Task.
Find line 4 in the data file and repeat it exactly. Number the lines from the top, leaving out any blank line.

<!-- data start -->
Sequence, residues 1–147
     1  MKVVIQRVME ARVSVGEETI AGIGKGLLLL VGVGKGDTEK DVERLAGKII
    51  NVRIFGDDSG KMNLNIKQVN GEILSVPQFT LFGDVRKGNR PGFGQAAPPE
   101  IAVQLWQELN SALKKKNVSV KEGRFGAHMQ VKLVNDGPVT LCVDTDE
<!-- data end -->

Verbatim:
   101  IAVQLWQELN SALKKKNVSV KEGRFGAHMQ VKLVNDGPVT LCVDTDE